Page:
Creighton University is a private, Jesuit, Roman Catholic university in Omaha, United States. Founded by the Society of Jesus in 1878, the school is one of 28 member institutions of the Association of Jesuit Colleges and Universities; the university is accredited by the Higher Learning Commission. Sitting on a 140-acre campus just outside Omaha's downtown business district, the university enrolls 8,393 graduate and undergraduate students; the university was founded as Creighton College on September 2, 1878, through a gift from Mary Lucretia Creighton, who stipulated in her will that a school be established in memory of her husband, prominent Omaha businessman Edward Creighton. Edward's brother, John A. Creighton, is credited with fostering and sustaining the university's early growth and endowment. In 1958, the college split into the present-day Creighton University; the schools and colleges at Creighton are: College of Arts & Sciences Heider College of Business College of Nursing School of Dentistry School of Medicine School of Pharmacy & Health Professions School of Law Graduate School College of Professional Studies Reserve Officer Training Corps The College of Arts & Sciences is the largest school, containing about 28% of the university's enrolled students.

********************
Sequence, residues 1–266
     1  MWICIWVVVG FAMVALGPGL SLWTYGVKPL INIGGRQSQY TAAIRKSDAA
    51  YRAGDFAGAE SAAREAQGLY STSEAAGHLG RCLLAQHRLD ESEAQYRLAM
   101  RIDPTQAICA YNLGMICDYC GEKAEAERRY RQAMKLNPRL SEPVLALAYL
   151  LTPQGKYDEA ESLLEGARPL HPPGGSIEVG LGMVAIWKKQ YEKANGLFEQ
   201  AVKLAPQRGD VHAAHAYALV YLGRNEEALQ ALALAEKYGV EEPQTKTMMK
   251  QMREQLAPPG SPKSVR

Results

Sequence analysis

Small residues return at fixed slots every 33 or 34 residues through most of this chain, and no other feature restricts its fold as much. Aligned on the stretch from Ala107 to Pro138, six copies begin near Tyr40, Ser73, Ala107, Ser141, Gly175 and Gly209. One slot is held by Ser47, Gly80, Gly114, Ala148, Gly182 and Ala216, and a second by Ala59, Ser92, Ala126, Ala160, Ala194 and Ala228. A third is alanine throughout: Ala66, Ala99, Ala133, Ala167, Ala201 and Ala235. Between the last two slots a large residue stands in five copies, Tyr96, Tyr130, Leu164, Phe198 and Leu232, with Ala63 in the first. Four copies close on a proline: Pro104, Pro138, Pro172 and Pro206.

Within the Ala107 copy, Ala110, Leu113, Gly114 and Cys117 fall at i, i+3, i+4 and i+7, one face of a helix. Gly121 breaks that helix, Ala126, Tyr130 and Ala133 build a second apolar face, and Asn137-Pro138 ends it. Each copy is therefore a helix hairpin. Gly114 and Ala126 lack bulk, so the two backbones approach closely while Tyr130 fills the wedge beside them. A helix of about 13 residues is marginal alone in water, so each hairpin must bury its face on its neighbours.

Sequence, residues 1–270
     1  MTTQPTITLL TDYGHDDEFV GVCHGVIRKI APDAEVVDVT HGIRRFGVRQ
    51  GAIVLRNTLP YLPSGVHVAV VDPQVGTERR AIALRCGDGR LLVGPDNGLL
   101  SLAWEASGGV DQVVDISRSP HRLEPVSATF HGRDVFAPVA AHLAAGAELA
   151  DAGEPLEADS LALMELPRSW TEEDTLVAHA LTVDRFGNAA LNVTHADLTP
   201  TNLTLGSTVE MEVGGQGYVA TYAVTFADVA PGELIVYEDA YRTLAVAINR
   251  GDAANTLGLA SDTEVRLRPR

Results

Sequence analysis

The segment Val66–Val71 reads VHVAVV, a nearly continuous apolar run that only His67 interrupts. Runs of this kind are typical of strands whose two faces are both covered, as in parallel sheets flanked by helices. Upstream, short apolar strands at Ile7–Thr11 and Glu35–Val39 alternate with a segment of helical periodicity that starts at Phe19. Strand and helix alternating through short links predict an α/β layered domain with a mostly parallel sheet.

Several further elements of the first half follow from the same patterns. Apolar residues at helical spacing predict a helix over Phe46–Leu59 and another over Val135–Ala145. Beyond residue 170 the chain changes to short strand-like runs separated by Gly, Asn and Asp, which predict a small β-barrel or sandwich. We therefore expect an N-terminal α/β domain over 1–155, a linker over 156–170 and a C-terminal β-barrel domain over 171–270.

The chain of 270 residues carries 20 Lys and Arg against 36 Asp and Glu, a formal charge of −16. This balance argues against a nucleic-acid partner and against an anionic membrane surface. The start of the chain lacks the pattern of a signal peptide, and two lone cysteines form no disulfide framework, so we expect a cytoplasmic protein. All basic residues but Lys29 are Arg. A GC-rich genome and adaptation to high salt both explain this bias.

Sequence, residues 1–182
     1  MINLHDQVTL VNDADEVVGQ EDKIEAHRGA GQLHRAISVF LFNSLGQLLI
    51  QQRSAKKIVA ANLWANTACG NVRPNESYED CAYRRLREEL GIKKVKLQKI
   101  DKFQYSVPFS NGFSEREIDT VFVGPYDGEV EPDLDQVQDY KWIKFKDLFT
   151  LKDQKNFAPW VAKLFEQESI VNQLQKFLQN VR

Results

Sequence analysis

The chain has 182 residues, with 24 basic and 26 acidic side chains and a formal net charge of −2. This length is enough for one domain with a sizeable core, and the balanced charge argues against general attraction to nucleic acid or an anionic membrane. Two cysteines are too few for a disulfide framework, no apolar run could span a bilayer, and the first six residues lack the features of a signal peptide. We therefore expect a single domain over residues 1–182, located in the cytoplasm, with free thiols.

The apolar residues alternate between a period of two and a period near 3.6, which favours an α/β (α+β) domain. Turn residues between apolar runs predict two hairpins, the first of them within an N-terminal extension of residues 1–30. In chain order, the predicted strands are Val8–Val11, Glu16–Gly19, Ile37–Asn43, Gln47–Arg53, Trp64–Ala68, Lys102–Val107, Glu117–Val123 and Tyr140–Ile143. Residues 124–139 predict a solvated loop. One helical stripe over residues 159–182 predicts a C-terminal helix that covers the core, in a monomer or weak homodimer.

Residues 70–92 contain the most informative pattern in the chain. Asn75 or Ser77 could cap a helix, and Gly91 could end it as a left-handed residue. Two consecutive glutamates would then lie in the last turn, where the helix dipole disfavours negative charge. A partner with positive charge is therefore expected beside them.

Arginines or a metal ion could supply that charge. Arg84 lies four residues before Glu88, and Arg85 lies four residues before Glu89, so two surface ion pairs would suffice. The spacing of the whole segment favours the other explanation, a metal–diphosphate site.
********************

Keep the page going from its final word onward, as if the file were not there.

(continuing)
Creighton's acceptance rate is 72.7%. In 2018, the university announced a Phoenix Health Sciences Campus, to open in 2021. Creighton competes in NCAA Division I athletics as a member of the Big East. Nicknamed the Bluejays, Creighton fields 14 teams in eight sports. Bruce Rasmussen is the Director of Athletics. Greg McDermott is the men's basketball program's head coach. Famous basketball alums include Paul Silas, Benoit Benjamin, Kyle Korver, Greg's son Doug McDermott, while famous former Bluejay coaches include Eddie Sutton, Willis Reed, Dana Altman; the women's basketball team won the WNIT championship in 2004. They play all home games on campus at D. J. Sokol Arena; the men's soccer team maintained 17 straight NCAA tournament appearances between 1992 and 2008. During that time, the Bluejays made three College Cup appearances, including one championship game appearance, they play all home games on campus at Morrison Stadium. Creighton's baseball team has one appearance in the NCAA College World Series.